I couldn’t help but notice something odd about today’s headline in the Arkansas Democrat-Gazette regarding the reauthorization of the private option, the expansion of Medicaid-funded insurance that’s been fully at the center of politics in Arkansas for the past two years. See if you can spot it:
2 Medicaid-related bills get House OK
Yep — no “private” and no “option” in the headline announcing the biggest story out of this legislative session. To be fair, other news outlets (such as the Houston Chronicle) also left out the words “private option,” preferring instead to describe it as “Medicaid expansion” as per the AP wire story. And that’s fine: The private option always was Medicaid expansion, despite its Republican legislative backers’ claims to the contrary.
But to describe the legislation as “2 Medicaid-related bills” is like describing the invasion of Iraq with a headline such as “Military-related event proceeds in Middle East.” Maybe the paper would call the Supreme Court’s decision on DOMA a “Matrimony-related ruling.”
This matters because the Republican Party is trying very, very hard right now to sell the passage of SB 96 and SB 101 as “ending the private option” in favor of some future round of Medicaid reform to be determined by a task force some two years from now. Gov. Asa Hutchinson wisely calculated that such a rebranding campaign would provide enough political cover to allow hardcore conservatives in the General Assembly to vote for the legislation.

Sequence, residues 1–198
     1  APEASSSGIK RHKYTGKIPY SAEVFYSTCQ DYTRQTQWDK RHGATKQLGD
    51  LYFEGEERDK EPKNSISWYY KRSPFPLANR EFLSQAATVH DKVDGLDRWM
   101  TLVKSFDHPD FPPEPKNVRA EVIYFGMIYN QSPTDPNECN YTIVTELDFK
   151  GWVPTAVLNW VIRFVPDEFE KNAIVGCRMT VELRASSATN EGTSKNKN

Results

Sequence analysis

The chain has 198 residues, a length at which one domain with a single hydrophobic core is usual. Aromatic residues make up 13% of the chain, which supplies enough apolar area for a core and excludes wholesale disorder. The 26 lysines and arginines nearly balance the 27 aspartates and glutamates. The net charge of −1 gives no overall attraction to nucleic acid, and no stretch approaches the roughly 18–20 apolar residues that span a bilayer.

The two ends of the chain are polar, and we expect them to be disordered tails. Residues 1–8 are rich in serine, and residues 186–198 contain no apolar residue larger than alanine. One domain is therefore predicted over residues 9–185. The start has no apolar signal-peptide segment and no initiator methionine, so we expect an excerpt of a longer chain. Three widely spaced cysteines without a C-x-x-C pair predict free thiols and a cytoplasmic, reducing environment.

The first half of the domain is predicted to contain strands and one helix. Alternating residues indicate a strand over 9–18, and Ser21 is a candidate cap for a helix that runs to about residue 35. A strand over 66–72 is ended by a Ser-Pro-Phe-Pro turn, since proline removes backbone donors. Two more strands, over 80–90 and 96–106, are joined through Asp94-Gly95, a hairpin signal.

But make no mistake: Anyone being honest about the appropriation just passed by the House will tell you it extends the private option for another year. That’s simply what it does. To frame the story as the D-G does in its headline today can be nothing but deliberate obfuscation of what happened yesterday, which is that a Republican governor and an overwhelmingly Republican legislature — newly populated by conservative freshmen who campaigned primarily on fighting Obamacare and the private option — approved the private option, which was enabled by Obamacare, by a wide margin.
This is not, by the way, any reflection on the D-G journalists who actually wrote the story itself, which is a solid, informative piece. (And which, of course, uses the phrase “private option” in the first sentence — because that’s how everyone reading the article refers to the program.) Decisions about headlines are up to the paper’s copy desk, not the reporters. An omission this conspicuous has to be a conscious editorial choice. All aboard the rebranding train.